Use competition to improve student performance



Recently, Gainesville for All director James F. Lawrence praised teachers at Metcalfe and Rawlings elementary schools for “making significant academic improvements.” Sadly, these schools are still underperforming because having great teachers is not enough. There are plenty of “talented, caring teachers” in Alachua County, but many are stymied by unprepared and undisciplined students, apathetic parents, and a school board focused on equity metrics.

Student performance at Metcalfe and Rawlings improved in the 2018-19 school year, based on the percentage of students performing at or above grade level (i.e., scoring 3 or better on the Florida Standards Assessments). In English Language Arts, Metcalfe improved from 23.8% to 28.5% and Rawlings from 24.1% to 30.1%. In mathematics, Metcalfe improved from 31.4% to 49.6% and Rawlings from 40.9% to 42.8%. So despite the improvements, over half the students at each school are below grade level in English and math.

For comparison, the county’s percentages last year were 55.9% in English Language Arts and 58.4% in mathematics. (All data was pulled from the Florida Department of Education’s PK-12 Education Information Portal, using state, district, and school-level data for grades 3-5 only.)

At the county level, overall student performance (K-12) in both subject areas went down last year, after the school board implemented its equity plan. That could be a coincidence, but last year I warned about the danger of focusing on equity instead of achievement. In fact, prior to the 2018-19 school year, Metcalfe was the perfect example of the problem with the school board’s equity focus: Metcalfe had a decreasing black-white performance gap in math, but the gap decreased because white performance dropped while black performance remained unchanged (see graph). (For 2018-19, Metcalfe did not have enough white students to have results posted on the Education Information Portal.)

Since equity plans tend to focus mainly on the gap in performance, it is not uncommon to see top-performing students adversely affected. For example, San Francisco schools eliminated Algebra in eighth grade, in the name of equity. Also, New York City Mayor Bill de Blasio said he plans to reduce inequality by eliminating all gifted programs. The mayor’s only fear is that most of the parents of gifted children will simply put them in private schools. The Labour Party in Britain has a solution for that: ban all private schools.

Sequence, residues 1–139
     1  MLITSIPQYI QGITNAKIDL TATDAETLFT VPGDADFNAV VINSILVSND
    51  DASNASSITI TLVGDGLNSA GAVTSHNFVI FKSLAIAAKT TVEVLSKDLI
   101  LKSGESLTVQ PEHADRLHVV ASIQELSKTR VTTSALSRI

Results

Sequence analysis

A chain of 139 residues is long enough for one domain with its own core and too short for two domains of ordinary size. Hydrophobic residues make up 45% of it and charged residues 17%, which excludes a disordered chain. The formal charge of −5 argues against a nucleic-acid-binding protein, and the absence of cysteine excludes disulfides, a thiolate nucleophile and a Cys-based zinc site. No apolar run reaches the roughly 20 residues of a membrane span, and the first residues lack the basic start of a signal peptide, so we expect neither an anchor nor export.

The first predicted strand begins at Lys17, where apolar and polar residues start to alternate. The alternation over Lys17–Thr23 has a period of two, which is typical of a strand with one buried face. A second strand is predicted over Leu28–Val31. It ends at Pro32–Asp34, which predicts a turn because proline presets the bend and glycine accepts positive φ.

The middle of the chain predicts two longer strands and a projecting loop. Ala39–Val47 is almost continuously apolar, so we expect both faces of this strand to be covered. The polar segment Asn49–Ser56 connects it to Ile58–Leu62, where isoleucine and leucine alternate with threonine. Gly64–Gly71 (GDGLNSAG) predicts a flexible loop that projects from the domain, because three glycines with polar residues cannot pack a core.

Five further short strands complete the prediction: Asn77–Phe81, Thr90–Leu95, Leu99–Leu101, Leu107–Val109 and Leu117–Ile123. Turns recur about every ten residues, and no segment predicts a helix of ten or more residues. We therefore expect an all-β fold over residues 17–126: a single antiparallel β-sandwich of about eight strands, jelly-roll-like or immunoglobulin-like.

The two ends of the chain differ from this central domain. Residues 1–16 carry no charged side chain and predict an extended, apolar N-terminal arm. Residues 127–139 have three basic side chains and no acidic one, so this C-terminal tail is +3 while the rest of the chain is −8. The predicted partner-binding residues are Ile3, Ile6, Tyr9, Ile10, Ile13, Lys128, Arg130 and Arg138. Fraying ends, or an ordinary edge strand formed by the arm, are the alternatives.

Private schools are a great alternative to low-performing public schools because competition forces them to produce results. If they didn’t, parents would take their kids (and money) elsewhere. Unfortunately, economically disadvantaged families do not have that option. In states like Florida, with large, county-wide school districts, their options are further limited because moving to another district (county) is often out of the question.

That’s where charter schools offer a great opportunity to improve student performance. They are required to meet the same state education standards but operate somewhat independent of the school board, allowing them to adapt more easily to student needs. In Alachua County, two charter schools, Boulware Springs and Genesis Preparatory, surpass both state and county levels in FSA performance: 66.2% and 72.7%, respectively, in English Language Arts; 67.6% and 66.7%, respectively, in mathematics. They have exceeded state and county performance for three years in a row (see graphs).

Genesis is especially worthy of praise, since 100% of its students are economically disadvantaged. The school’s director, Charmaine Henry, says the biggest contributors to student performance are student behavior and parental involvement. She has found that student success depends on matching ability to instruction because students in classes that are too easy or too hard tend to act out. She has no qualms about holding students back in first or second grade if they are not ready to advance. Her approach may not be for everyone, but it works for the students who attend Genesis. Charter schools stay open when parents continue to re-enroll their children; Genesis has been open for 20 years and had a 14% increase in enrollment last year.

Advocates for one-size-fits-all, centralized control of public education despise charter schools and blame them for siphoning resources away from “regular” public schools. In reality, charter schools give low-income families choices that are taken for granted by families who can afford private schools. Charter schools offer an alternative so kids aren’t stuck attending low-performing schools. Rather than complaining about or prohibiting the loss of students (resources) away from “regular” public schools, we should welcome more charter schools. They offer a faster way to improve student performance, and the competition should help improve the quality of education in Alachua County.

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  • Charter school pick people to attend and kick people out for misbehaving, poor grades etc. They most certainly do not have the same standards as public schools. And it takes parental involvement to get the kids enrolled in these schools. As you say in your piece that’s one of the keys to student success.

    Instead of fixing public schools for everyone what your are suggesting is a further hollowing out of traditional public education for mostly religious and often for profit institutions.

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